I'll tell you story about the Kinnick Stadium in Iowa City. Here's one of the first colored pictures ever produced in a newspaper and it was of the 1939 Iron man Football team. There were only 27 players on the entire squad and I was a nuisance mascot at nine years old.
Football players in those days played both offense and defense. And if you left the game in any one quarter, you couldn't come back in the game in that quarter, so a lot of players played hurt, particularly in the fourth quarter. As few as 16 players on that 1939 Iowa team ever played in a game. They became known as the University of Iowa's Ironmen.
Iowa had lost all of their games in the previous season, but under their brilliant new coach Dr Eddy Anderson, Iowa lost only one game in the season of '39 and tied for the Big Ten championship. The last game of the season was of national interest because this Cinderella Iron man Iowa team was playing heavily the favored Irish of Notre Dame, who happened to be vying for the mythical national championship and was heavily favored.
But late in the game, Iowa was trailing just 6 points, and Iowa had stopped Notre Dame deep in Iowa territory.. Then methodically moved the ball back up field to the Notre Dame 2-yard-line, time running out and 4th down. Iowa called time-out and Dr. Anderson screamed to his signal caller, "Don't give the ball to Kinnick!" Everybody in the stands knows that Kinnick is going to get the ball, so don't give Kiinick the ball. Back in the huddle, Buzz Dean's play was called, but he said," I can't take it, I have a separated shoulder." Then against the command of coach Eddie Anderson, signal caller said, "can you take it in Nile?' Kinnick said , "Let's run that play to the left side, I think I have some broken ribs on my right side."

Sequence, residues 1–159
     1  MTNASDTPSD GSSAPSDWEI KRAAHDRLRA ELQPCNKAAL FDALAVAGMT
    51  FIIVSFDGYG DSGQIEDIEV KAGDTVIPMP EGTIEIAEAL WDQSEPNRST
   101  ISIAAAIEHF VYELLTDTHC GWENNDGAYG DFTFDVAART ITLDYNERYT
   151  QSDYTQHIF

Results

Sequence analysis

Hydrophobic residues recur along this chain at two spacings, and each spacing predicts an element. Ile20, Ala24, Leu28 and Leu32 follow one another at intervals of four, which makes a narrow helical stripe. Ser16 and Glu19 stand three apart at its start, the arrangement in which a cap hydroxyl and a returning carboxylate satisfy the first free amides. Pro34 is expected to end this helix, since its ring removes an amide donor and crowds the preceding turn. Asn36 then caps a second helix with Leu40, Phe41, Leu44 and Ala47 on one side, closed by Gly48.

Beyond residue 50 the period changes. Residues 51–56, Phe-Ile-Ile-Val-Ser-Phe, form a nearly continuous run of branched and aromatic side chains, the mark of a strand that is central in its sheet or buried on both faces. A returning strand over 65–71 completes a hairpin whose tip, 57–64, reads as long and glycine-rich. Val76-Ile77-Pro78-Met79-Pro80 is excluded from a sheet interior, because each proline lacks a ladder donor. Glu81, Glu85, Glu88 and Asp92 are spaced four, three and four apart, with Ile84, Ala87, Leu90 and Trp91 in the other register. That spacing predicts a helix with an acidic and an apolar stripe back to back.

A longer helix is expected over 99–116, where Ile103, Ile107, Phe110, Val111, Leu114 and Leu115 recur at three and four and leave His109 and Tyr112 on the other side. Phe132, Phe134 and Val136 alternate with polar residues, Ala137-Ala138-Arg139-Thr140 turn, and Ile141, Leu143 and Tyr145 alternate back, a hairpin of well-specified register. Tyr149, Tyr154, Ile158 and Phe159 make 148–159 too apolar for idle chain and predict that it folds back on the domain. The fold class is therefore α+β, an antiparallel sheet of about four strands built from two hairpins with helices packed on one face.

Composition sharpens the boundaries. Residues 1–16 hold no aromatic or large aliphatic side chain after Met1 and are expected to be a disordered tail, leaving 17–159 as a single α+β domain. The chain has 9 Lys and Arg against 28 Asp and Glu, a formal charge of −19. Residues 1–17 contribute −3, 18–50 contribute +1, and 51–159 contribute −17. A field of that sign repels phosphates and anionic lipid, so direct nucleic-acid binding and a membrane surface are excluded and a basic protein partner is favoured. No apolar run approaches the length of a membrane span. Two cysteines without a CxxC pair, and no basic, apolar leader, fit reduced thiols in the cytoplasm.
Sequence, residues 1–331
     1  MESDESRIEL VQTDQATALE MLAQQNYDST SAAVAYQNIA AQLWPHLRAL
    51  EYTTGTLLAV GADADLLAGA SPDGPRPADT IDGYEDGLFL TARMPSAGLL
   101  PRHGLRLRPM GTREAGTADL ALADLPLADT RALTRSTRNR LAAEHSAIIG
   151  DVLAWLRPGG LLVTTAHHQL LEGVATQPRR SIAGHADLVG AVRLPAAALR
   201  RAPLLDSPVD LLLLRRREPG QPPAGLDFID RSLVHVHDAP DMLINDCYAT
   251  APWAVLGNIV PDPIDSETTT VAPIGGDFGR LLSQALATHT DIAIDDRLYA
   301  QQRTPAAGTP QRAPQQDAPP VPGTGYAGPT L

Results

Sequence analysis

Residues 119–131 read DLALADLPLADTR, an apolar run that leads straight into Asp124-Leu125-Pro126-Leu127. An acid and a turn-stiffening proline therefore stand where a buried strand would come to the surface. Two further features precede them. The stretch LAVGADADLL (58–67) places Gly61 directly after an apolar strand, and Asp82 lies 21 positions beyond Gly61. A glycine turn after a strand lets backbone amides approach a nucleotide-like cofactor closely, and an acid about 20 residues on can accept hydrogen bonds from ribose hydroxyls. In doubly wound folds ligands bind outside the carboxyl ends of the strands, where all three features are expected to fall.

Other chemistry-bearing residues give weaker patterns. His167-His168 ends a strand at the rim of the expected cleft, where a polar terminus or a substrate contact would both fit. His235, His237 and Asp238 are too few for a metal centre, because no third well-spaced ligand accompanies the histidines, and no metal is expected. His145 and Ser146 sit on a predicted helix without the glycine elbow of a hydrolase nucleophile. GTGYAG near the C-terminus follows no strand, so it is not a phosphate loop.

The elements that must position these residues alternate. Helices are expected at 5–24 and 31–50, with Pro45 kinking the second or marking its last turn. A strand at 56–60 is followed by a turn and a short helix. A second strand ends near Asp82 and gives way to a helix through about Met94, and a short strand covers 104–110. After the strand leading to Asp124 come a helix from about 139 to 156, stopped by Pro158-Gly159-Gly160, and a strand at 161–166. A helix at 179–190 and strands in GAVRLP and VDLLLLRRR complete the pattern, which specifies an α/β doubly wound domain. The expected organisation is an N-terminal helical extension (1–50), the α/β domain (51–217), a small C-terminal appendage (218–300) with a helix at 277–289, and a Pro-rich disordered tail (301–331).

Look at the picture, ten exhausted players leveled everybody on the field. Kinnick puts the ball in his left hand to protect his ribs on his right side. He crossed the goal line standing up, and then Kinnick drop kicks the extra point, beating Notre Dame 7 to 6. The National Press went crazy!!
If that play had failed, Nile Kinnick might not have won the Heisman Trophy, or had the University of Iowa Stadium named in his memory.